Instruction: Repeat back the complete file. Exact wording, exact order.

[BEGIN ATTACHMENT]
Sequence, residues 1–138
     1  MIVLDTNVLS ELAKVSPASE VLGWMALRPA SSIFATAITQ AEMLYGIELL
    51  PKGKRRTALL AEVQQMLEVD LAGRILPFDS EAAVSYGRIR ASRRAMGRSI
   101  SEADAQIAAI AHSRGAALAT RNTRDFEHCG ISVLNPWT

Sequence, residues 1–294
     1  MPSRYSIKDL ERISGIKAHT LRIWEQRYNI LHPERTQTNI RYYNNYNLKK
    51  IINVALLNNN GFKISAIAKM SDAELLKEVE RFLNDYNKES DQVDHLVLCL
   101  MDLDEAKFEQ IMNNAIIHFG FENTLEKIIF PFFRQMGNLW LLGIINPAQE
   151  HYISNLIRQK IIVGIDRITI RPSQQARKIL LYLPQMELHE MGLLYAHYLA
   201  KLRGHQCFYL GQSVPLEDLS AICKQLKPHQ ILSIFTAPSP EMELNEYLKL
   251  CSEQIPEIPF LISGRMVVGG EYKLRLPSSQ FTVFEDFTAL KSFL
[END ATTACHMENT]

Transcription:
Sequence, residues 1–138
     1  MIVLDTNVLS ELAKVSPASE VLGWMALRPA SSIFATAITQ AEMLYGIELL
    51  PKGKRRTALL AEVQQMLEVD LAGRILPFDS EAAVSYGRIR ASRRAMGRSI
   101  SEADAQIAAI AHSRGAALAT RNTRDFEHCG ISVLNPWT

Sequence, residues 1–294
     1  MPSRYSIKDL ERISGIKAHT LRIWEQRYNI LHPERTQTNI RYYNNYNLKK
    51  IINVALLNNN GFKISAIAKM SDAELLKEVE RFLNDYNKES DQVDHLVLCL
   101  MDLDEAKFEQ IMNNAIIHFG FENTLEKIIF PFFRQMGNLW LLGIINPAQE
   151  HYISNLIRQK IIVGIDRITI RPSQQARKIL LYLPQMELHE MGLLYAHYLA
   201  KLRGHQCFYL GQSVPLEDLS AICKQLKPHQ ILSIFTAPSP EMELNEYLKL
   251  CSEQIPEIPF LISGRMVVGG EYKLRLPSSQ FTVFEDFTAL KSFL